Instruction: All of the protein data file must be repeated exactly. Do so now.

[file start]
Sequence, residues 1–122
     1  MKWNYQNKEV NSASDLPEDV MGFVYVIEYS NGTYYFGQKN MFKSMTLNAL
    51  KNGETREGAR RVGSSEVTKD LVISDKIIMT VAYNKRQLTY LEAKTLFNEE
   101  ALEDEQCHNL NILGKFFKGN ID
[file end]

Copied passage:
Sequence, residues 1–122
     1  MKWNYQNKEV NSASDLPEDV MGFVYVIEYS NGTYYFGQKN MFKSMTLNAL
    51  KNGETREGAR RVGSSEVTKD LVISDKIIMT VAYNKRQLTY LEAKTLFNEE
   101  ALEDEQCHNL NILGKFFKGN ID